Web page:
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Crisis (IPC Phase 3) likely to persist in Obock and Southeast Pastoral Border through December

  • Remote Monitoring Report
  • Djibouti
  • August 2015
Crisis (IPC Phase 3) likely to persist in Obock and Southeast Pastoral Border through December

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  • Key Messages
  • Projected Outlook through December 2015
  • Key Messages
    • Two consecutively poor rainy seasons and their negative impact on poor households are expected to result in Crisis (IPC Phase 3) acute food insecurity through December in Southeastern and Obock Pastoral Zones. 

    • Inadequate pasture availability coupled with anticipated decline in labor opportunities, and depleted food and productive resources for the poor is stretching the ability of rural families to cope, further widening food consumption gaps. 

    • An estimated 120,000 people are in Stressed (IPC Phase 2) and Crisis (IPC Phase 3), mainly in Obock Region and in Southeastern Pastoral areas. The Central Pastoral and Northwest Pastoral Zones are anticipated to be in Stressed (IPC Phase 2) acute food insecurity through December.

    ZONE

     CURRENT ANOMALIES

     PROJECTED ANOMALIES

    Southeastern Pastoral Zone and Obock Pastoralists

    Decreased milk production and livestock productivity, to overall poor March to May 2015 Diraac/Soughoum rains, closely following a similarly below average October to February 2015 Heys/Dadaa season.

    Given the current elongated lean season, pasture, browse, and water scarcity may worsen through most of 2015 with a higher likelihood households will sell increased numbers of livestock at very low price.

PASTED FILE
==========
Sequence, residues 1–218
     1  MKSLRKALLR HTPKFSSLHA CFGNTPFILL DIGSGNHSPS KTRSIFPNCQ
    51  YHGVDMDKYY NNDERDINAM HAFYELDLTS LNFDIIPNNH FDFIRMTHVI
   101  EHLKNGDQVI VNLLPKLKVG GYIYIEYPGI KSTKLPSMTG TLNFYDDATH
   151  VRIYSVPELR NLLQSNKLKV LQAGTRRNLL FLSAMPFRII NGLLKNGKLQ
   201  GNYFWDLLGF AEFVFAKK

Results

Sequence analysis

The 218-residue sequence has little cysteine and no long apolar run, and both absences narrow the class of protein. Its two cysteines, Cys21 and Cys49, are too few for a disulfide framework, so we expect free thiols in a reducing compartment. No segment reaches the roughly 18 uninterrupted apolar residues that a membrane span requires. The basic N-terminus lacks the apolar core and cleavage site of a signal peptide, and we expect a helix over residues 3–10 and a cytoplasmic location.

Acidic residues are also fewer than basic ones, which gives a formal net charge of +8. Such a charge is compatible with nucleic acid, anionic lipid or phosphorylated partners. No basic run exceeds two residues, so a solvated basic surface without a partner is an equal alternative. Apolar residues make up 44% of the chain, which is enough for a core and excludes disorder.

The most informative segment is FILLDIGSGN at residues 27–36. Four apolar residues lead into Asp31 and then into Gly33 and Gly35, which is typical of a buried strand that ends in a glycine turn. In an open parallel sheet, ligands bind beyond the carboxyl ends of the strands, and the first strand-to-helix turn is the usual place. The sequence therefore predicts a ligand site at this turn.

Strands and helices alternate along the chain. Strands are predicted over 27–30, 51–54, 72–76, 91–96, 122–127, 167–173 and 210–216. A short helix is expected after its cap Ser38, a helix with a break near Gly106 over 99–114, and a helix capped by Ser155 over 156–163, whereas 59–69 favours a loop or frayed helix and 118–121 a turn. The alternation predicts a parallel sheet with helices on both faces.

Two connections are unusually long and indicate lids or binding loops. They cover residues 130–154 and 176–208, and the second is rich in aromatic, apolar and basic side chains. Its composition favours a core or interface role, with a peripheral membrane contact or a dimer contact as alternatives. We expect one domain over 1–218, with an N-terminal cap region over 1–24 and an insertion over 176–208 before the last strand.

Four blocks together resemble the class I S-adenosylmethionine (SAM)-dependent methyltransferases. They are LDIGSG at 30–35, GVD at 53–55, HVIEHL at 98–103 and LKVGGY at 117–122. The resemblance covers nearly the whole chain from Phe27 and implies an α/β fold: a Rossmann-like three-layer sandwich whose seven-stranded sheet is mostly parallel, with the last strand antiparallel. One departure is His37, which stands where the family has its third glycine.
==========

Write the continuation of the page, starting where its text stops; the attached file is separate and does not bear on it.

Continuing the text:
Southeastern Pastoral (Borderside) Zone and Obock Pastoralists

    Poor households have started to use some irreversible coping (such as abandoning their normal livelihoods, migration to water sites, practicing illegal activities, or sell productive assets) to try to compensate for the widening household food consumption gaps.

    Ongoing coping will only provide temporary respite at the expense of future livelihoods which will be accentuated by the impacts of the seasonal rise in food prices. Karan/Karma rainfall is forecast to be average to below average.

     

     

     


    Projected Outlook through December 2015

    Consecutively poor Heys/Dadaa (October 2014 to February 2015) and Diraac/Sougoum (March to May 2015) rainy seasons have resulted in below-normal pasture availability. Successive poor seasons, especially in Obock, have caused extensive depletion of pasture, browse, and water resources, negatively impacting livestock productivity and milk production. This is particularly affecting poor households in the Southeast Pastoral Border area of Ali Sabieh and rural Obock region, which receive most of their rainfall between October and May. Pastoralists have already started to move to areas where there is an improved pasture (like Djibouti Rural and Ali Sabieh) which is currently putting some pressure on the limited pasture and water sources.

    Rains started to pick up during late July and early August with slight regeneration of pasture, but this may not be significant enough in alleviating the deteriorated milk availability and livestock production which usually takes two to three good seasons to recover. The Karan/Karma rains are the most important rain in the Northwestern Pastoral Zone, accounting for more than 60 percent of annual rainfall. The Heys/Dadaa coastal area rains will give respite to coastal pastoral areas only in October after a longer-than-normal June-September lean season and kidding/calving takes place.

    An estimated 120,000 people are in Stressed (IPC Phase 2) and Crisis (IPC Phase 3), mainly in Obock Region and in southeastern pastoral areas. WFP is providing assistance in the form of half rations to approximately 80,000 people. This number includes people arrived in the country since March 2015, fleeing from the conflict in Yemen. A succession of poor seasons, reduced access to humanitarian assistance and very limited alternative income generating activities, are expected to have a sustained negative impact through December 2015.